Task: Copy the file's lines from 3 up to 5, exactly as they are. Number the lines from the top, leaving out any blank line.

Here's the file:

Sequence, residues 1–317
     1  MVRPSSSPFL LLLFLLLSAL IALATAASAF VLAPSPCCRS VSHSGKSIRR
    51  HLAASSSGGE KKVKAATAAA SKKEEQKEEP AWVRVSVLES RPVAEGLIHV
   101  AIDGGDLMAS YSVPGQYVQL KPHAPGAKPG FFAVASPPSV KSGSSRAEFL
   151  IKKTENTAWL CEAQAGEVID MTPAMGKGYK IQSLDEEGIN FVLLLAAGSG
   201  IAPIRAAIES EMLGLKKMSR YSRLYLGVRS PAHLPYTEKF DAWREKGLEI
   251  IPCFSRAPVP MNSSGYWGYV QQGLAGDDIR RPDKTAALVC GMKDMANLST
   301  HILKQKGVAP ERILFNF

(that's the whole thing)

    51  HLAASSSGGE KKVKAATAAA SKKEEQKEEP AWVRVSVLES RPVAEGLIHV
   101  AIDGGDLMAS YSVPGQYVQL KPHAPGAKPG FFAVASPPSV KSGSSRAEFL
   151  IKKTENTAWL CEAQAGEVID MTPAMGKGYK IQSLDEEGIN FVLLLAAGSG